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Rev. Dr. Stephen Chapin
The Baptist Missionary Magazine, 1846
      Among those of the departed with whom we have toiled, and prayed, and taken sweet counsel in the work of this Convention, we would especially call to mind, on the present occasion, our much loved and venerated brother, the late Rev. Dr. Stephen Chapin, one of our Vice Presidents.

      He was educated at Harvard University; and, above all, he was taught in the school of Christ. For several years, he was pastor of a Congregational church at Mount Vernon, in the State of New Hampshire. Twenty-seven years ago, the present week, he was baptized by the Rev. Dr. Baldwin, and became connected with our denomination. Subsequently, he was pastor of the Baptist church in North Yarmouth, in the State of Maine. There he labored worthily for the spiritual welfare of the church, and for the spiritual and intellectual encouragement and improvement of all his ministering brethren with whom he had intercourse. He so commended himself to their confidence, and especially to the esteem of that profound theologian and distinguished servant of Christ, the first President of Waterville College, that he was transferred from the field of his labors at North Yarmouth to a still more important one, that of Professor of Moral Philosophy in Waterville College; where he was associated with the President in the blessed work of preaching the gospel to the people, and of giving theological instruction to such students as, for the purpose of receiving it, then resorted to Waterville.

      Seventeen years ago, when Columbian College, in the District of Columbia, was making an effort to rise, after having been prostrated by appalling pecuniary embarrassments, — he was selected as its President. Some of us, with whom he consulted at that time, will never forget with what trembling solicitude and agonizing prayer he came to the conclusion to accept the Presidency. In this difficult and perilous station, he did much, as an instructer [sic] and in other ways, to restore the confidence, and cheer the hopes, and unite the energies of the friends of that Institution. And he continued to exert himself, even when his health and strength were failing; till, with pecuniary sacrifice on his part and on that of a worthy coadjutor, the once crushing debt of the College was, by competent authority, proclaimed to have been entirely liquidated; and a new and cheering prospect of enlarged usefulness was opened.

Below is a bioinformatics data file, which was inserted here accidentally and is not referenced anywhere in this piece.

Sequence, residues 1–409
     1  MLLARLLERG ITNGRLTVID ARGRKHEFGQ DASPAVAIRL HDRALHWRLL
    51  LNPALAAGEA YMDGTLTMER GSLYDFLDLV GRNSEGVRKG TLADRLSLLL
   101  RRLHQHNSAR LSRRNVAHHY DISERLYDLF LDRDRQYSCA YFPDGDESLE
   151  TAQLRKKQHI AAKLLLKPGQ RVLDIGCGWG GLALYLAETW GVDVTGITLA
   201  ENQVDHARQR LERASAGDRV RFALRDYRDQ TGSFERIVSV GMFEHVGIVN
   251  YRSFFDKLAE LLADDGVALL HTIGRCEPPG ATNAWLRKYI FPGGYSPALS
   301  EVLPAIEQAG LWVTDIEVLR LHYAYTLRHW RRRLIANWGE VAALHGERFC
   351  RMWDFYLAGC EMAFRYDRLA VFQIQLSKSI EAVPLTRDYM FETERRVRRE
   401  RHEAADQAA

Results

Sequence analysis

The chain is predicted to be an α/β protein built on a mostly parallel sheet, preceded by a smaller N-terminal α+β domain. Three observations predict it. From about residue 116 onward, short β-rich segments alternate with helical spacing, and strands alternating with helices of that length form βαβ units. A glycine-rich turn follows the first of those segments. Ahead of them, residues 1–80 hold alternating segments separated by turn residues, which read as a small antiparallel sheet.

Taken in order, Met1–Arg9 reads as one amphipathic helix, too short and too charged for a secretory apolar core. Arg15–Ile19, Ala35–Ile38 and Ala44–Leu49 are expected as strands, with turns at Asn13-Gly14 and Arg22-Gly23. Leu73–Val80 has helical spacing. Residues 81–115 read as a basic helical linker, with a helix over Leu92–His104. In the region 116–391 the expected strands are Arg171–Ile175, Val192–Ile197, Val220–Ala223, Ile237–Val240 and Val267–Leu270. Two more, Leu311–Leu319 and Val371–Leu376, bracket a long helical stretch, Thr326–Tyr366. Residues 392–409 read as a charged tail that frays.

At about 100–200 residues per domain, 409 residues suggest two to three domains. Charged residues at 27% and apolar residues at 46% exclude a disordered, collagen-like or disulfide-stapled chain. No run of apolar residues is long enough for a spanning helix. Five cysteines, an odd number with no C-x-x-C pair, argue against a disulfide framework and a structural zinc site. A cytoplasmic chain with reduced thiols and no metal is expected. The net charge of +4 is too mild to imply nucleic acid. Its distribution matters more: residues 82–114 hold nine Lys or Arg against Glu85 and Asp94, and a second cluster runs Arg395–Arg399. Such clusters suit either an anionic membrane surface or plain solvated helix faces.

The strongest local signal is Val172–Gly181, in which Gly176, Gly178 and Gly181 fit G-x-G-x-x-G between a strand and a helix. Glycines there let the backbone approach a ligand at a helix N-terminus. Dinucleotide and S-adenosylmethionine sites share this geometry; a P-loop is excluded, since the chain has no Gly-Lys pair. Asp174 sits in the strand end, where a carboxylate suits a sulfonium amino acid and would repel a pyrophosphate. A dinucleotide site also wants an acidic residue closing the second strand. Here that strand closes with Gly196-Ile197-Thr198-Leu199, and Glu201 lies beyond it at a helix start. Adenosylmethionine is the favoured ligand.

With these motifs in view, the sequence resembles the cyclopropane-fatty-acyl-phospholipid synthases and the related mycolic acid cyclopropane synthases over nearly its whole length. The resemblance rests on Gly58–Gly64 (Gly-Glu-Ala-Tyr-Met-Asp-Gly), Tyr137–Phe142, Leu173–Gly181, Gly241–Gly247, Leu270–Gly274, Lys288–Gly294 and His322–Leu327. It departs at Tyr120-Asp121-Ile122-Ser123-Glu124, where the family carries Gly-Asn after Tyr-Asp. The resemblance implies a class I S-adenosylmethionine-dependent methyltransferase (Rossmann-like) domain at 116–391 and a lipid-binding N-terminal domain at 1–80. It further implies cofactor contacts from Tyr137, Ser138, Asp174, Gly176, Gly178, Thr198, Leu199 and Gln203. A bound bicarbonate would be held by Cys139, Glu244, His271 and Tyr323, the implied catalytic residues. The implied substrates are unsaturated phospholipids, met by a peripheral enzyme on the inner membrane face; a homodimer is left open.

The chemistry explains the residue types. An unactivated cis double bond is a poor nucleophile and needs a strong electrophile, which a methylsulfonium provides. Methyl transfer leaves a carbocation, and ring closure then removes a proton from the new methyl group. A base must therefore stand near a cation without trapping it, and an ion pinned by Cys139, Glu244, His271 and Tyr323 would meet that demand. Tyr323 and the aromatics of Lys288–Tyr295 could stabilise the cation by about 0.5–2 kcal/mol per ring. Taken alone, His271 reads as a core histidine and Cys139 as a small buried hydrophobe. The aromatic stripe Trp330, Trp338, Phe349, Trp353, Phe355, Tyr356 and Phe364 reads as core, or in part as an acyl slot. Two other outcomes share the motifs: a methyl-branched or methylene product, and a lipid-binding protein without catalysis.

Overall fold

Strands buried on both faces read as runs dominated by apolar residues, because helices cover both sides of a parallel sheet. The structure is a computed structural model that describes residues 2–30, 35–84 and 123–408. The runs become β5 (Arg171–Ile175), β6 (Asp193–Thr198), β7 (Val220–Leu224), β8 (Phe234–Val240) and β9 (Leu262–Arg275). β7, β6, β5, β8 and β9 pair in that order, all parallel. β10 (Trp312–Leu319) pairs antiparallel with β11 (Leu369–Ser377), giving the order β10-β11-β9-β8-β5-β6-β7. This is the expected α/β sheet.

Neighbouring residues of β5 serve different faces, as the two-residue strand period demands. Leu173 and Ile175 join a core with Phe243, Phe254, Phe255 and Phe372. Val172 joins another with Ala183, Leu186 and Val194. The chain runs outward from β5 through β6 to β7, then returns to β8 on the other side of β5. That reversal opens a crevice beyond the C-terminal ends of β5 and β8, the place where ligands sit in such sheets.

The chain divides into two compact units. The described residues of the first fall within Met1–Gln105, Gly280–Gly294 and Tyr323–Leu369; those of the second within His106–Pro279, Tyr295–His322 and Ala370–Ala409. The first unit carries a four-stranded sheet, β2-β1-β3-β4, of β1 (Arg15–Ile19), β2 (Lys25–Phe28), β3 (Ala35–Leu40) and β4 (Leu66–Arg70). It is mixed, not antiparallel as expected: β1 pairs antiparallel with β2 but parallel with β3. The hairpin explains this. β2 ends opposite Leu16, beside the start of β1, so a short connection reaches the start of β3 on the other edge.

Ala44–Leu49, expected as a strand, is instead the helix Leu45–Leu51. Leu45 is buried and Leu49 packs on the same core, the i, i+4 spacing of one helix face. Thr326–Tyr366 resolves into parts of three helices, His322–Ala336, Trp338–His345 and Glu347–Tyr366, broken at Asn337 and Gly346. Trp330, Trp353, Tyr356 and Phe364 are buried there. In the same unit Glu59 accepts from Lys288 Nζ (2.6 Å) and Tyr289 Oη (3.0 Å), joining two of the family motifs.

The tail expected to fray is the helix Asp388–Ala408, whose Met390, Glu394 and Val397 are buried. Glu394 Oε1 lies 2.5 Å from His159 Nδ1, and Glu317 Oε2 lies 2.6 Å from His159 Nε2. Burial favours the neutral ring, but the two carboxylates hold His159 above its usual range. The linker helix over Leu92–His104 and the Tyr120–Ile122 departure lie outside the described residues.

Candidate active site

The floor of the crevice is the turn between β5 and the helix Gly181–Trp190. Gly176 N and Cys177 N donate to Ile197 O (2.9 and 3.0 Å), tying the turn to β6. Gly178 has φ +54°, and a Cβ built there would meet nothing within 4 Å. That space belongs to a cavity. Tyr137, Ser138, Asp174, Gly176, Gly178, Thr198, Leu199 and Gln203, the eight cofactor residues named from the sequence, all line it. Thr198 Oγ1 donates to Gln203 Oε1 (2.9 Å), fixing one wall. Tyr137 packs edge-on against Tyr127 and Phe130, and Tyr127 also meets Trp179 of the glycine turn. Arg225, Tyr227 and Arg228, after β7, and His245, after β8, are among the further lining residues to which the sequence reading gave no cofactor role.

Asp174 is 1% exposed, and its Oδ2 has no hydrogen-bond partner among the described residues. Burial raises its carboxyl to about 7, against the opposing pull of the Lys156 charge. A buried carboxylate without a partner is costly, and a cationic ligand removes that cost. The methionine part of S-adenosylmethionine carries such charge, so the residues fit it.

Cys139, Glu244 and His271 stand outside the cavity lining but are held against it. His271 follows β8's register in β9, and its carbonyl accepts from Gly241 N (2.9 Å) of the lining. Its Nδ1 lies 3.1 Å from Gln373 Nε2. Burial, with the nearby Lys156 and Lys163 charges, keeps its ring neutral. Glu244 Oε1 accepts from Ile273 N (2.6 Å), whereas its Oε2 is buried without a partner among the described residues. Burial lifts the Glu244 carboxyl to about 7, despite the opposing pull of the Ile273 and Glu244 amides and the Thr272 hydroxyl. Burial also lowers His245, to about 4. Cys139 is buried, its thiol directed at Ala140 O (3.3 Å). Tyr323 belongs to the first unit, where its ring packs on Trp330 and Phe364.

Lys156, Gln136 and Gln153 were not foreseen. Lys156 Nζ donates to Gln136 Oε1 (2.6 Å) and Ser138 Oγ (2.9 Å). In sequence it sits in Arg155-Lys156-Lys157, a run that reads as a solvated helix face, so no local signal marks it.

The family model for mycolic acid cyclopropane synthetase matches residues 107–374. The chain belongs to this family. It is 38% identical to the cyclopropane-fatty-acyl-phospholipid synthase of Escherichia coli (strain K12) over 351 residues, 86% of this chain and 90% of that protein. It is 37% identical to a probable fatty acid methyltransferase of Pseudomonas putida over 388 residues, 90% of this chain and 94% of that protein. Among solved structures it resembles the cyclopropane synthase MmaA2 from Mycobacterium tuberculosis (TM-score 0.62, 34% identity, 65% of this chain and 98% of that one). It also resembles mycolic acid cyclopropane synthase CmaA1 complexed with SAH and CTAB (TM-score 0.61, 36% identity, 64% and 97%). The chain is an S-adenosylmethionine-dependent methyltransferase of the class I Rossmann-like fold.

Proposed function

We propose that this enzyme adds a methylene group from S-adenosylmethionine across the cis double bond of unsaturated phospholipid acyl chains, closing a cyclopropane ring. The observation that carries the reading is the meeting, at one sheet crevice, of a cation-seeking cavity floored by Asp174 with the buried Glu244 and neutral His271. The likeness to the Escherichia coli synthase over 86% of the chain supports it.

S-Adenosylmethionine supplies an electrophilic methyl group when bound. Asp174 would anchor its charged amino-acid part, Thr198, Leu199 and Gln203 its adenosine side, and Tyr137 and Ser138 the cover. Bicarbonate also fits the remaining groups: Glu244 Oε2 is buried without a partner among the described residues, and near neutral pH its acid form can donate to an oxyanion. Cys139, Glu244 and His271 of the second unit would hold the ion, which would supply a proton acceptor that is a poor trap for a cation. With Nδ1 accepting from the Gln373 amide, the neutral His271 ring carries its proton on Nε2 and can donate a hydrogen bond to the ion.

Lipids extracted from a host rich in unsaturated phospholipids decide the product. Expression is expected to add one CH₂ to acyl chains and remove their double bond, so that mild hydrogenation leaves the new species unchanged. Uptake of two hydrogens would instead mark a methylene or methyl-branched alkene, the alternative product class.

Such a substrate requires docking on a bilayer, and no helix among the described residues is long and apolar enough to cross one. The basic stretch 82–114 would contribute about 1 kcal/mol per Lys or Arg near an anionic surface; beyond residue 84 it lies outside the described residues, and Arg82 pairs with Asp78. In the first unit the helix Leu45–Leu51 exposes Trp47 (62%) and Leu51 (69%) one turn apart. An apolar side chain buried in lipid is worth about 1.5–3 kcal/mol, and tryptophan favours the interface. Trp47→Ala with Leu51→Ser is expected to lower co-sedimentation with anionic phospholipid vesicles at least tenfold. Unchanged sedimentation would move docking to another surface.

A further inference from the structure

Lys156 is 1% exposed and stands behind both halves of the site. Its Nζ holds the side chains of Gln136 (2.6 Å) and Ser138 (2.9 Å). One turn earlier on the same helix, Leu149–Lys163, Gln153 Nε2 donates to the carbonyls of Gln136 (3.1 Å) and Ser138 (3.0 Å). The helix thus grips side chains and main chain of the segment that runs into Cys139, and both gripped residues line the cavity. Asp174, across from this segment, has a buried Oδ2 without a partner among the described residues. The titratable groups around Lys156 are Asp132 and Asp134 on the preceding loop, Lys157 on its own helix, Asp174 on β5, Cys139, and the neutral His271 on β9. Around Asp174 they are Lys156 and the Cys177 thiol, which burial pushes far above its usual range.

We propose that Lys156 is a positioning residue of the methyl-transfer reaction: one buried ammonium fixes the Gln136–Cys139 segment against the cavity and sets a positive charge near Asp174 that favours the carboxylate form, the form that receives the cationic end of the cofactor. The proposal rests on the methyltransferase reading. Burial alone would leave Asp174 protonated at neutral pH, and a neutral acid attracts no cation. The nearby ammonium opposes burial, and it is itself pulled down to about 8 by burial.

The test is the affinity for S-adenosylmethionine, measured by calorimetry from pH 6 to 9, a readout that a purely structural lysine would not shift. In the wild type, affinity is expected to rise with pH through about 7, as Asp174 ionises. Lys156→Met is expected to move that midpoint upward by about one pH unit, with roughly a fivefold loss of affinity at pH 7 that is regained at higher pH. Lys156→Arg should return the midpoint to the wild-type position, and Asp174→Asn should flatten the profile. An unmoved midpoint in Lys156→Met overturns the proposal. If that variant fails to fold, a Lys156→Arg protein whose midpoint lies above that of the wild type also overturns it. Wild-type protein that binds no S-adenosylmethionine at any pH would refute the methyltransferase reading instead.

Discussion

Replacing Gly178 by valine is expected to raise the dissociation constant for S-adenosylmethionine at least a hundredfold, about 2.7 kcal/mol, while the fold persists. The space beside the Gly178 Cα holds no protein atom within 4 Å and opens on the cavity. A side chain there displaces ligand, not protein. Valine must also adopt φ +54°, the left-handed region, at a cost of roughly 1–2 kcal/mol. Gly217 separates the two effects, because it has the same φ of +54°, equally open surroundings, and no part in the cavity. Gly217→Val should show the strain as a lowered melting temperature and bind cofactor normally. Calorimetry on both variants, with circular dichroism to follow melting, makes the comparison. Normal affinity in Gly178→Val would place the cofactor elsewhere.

He retired, with those that remained of his family, to an humble and quiet home in the vicinity of Washington, it was not long before he was laid on a bed of sickness and pain. And on the day of the last public Commencement of the College, (the first Wednesday of October,) just as, in the exercises on that occasion, the prayers of the great congregation were offered for him by his successor in the Presidency, he died in peace, triumphing through Jesus Christ.

      His life presented an eminent and attractive example of fidelity and zeal, and of that wisdom which cometh down from above. His death afforded an impressive illustration of the power and grace of the gospel.

      His memory is precious. It is, “like the memory of joys that are past, pleasant and mournful to the soul” and at every remembrance of his Christian course, which he has so triumphantly finished, we will endeavor to cherish his heavenly spirit, emulate his devotedness, and be prepared to meet him in the general assembly and church of the first-born, who are written in heaven. -


[From The Baptist Missionary Magazine, 1846, Volume XXVI, p. 17. Scanned and formatted by Jim Duvall.]

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